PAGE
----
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Go-to guys: How to carve a niche for your advice firm

Specialise wisely is the advice for firms wanting to secure profitable clients

Carving a niche in a particular area enables advice firms to differentiate themselves and focus on specific types of profitable clients.

Examples of niche markets include occupations such as sports or medical professionals, or life events such as divorce and bereavement.

There is a good deal to consider when carving a niche, so what is most important according to those who have already found innovative approaches within such markets?

Demand and sustainability

For online pension advice firm Wealth Wizards, a key consideration is assessing whether the demand for advice within your particular niche is big enough.

“It has to be an area with enough demand to sustain you as a business,” says director Phil Blows.

The Wealth Wizards team decided to focus on the digital delivery of pensions advice in 2009, having identified the need for affordable expertise about retirement saving. Developments such as automatic enrolment and pension freedoms have ensured the opportunity will be there for the long term.

Blows says: “We went digital to provide a service everyone can afford. If you move to the lower end of the market, you have to be efficient in what you’re doing – and that meant digital was the only approach we could take. The more efficient and digital you are in the back office and the delivery of advice, the more refined the niche you can aim at. But make sure your costs are as low as possible – if you’re adopting a targeted approach, you might not get the volume.”

Blows adds that advisers who are contemplating this strategy must keep the long term in mind. “Be sure to focus on a specialism that isn’t going to die out,” he says.

Be commercially savvy

Langley Park Wealth director Jo Read found her own niche – advising newly single women going through a marriage break-up or bereavement – after it was suggested she write a book as part of a course for small businesses. She got the idea for her book, Suddenly Single, while on a flight to Vietnam for a charity bike ride.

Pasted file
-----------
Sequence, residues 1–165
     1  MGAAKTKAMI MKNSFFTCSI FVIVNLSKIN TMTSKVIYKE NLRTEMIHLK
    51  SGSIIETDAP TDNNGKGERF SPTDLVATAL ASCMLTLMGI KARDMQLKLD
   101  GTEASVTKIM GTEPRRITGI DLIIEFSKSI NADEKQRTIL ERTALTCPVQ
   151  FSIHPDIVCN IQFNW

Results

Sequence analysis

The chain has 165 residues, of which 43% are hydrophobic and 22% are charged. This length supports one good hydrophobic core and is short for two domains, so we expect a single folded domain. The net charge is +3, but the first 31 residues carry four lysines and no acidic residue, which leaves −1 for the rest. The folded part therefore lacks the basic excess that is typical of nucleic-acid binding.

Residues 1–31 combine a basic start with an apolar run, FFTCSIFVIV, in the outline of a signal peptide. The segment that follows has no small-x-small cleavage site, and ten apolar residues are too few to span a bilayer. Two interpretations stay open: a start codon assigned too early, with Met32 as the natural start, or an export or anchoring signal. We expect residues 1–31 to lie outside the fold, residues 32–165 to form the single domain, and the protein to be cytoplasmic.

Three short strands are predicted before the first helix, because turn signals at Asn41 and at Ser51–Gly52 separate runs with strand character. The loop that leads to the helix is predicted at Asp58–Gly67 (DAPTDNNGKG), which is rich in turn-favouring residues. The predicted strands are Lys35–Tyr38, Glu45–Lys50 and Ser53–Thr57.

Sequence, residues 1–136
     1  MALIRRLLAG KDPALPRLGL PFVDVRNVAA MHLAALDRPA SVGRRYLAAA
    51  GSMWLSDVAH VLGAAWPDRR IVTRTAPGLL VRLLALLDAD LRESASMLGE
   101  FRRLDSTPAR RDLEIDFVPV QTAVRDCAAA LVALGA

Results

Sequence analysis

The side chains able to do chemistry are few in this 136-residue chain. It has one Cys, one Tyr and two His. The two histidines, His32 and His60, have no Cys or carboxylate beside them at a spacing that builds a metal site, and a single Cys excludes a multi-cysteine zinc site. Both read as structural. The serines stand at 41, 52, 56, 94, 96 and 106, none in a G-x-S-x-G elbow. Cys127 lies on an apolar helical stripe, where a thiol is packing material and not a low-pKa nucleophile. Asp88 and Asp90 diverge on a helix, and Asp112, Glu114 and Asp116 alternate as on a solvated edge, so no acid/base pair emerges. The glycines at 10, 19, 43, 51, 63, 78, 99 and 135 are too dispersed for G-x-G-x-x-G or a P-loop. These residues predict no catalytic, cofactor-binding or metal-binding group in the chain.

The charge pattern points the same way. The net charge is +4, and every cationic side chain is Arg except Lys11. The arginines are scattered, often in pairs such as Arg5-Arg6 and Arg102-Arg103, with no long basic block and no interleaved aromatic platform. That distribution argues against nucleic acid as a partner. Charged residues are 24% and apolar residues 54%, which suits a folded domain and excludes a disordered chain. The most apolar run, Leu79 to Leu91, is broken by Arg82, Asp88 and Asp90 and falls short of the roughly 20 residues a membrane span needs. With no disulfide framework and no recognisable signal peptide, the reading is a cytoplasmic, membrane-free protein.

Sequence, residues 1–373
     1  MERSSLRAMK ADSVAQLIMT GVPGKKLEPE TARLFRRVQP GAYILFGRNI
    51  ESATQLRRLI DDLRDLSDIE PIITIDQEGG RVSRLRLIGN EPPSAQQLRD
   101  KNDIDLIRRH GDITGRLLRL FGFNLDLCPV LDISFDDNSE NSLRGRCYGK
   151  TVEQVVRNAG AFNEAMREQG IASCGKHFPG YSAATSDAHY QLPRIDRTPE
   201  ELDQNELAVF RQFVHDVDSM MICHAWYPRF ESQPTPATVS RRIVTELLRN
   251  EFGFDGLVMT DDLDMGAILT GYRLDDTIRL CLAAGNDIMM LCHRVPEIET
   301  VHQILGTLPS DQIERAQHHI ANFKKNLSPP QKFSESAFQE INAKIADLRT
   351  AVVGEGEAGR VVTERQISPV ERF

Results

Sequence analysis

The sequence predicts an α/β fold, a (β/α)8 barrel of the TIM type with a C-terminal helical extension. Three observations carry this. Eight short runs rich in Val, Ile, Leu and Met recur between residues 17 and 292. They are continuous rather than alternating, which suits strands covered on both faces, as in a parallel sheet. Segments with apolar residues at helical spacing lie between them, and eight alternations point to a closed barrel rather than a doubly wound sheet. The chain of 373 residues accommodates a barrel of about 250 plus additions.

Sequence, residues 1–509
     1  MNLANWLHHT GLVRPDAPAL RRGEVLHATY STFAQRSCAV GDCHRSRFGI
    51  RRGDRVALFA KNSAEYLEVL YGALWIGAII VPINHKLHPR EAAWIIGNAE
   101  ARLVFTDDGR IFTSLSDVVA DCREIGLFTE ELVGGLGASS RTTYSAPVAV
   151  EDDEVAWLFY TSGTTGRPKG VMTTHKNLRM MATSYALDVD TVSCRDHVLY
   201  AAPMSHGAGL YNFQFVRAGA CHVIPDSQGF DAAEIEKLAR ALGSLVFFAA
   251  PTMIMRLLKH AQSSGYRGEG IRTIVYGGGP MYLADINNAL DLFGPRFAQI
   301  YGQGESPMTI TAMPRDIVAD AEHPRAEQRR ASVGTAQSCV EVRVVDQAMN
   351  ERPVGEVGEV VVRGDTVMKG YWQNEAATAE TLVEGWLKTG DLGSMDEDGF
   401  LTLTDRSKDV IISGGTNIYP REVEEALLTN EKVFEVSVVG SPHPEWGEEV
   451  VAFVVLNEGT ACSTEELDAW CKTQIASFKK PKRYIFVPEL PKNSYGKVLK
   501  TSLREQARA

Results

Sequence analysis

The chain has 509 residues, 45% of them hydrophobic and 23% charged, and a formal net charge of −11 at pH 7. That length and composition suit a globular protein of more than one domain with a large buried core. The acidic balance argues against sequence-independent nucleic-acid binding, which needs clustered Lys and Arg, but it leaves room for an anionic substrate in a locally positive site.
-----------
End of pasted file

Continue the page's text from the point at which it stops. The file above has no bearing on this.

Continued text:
“I was seated next to a lady in her seventies whose husband had passed away from cancer. She said to me, ‘People like you need to help people like us,’ ” says Read. There is nothing wrong with being adept in a niche field, but do not specialise to the exclusion of everything else

Suddenly Single is now a separate business. Read’s advice to anyone thinking of focusing on a niche market is to be commercial. “A PR duo does my social media work and brand development on a monthly retainer. That raises my profile – we financial planners are often slow to invest in PR and marketing,” she says.

With the book generating media interest, Read developed spin-offs that have the potential to refer business to Langley Park Wealth. These include an online community and Suddenly Single Retreats – an events business focusing on newly single women, which she launched with parenting coach Sue Atkins and family lawyer Nicola Ingram.

She points out that some areas demand specialist qualifications. “Divorce often involves pensions and pension transfers. I have additional qualifications and I will be taking AF7,” she says.

There is nothing wrong with being adept in a niche field, but do not specialise to the exclusion of everything else

Nurture your reputation

Over the past 10 years, Glasgow-based McCrea Financial Services has built up a reputation among sports professionals as a firm that understands their particular needs.

The company currently sponsors clubs and individuals across a range of sports, including the Glasgow Warriors rugby team, Partick Thistle football club and Gordon Reid, the current Wimbledon wheelchair- tennis champion, ranked world No 1. This enables McCrea’s to offer staff, clients and professional connections alike access to sporting events via the provision of complimentary tickets and hospitality.

Managing director Douglas McCrea points out that sports professionals comprise a relatively small percentage of the company’s client base. “It’s not our only business – after all, there aren’t thousands of elite athletes,” he says.

“But we market ourselves partly through sports sponsorship and that has led to the sports clients coming in. It’s to do with name awareness: we’ll be the ones the players have heard of. The best way to get new clients is to look after the ones you already have. They all talk in the rugby and football dressing rooms, and word gets about that you’re providing a great service and understand their needs. A large number of our clients are referred to us by existing clients.”

While he says there is nothing wrong with being adept in a niche field, McCrea warns against specialising to the exclusion of everything else.

“It’s good to be the go-to guys, but if you specialise in one market and something happens to that market, you could be in trouble,” he says.



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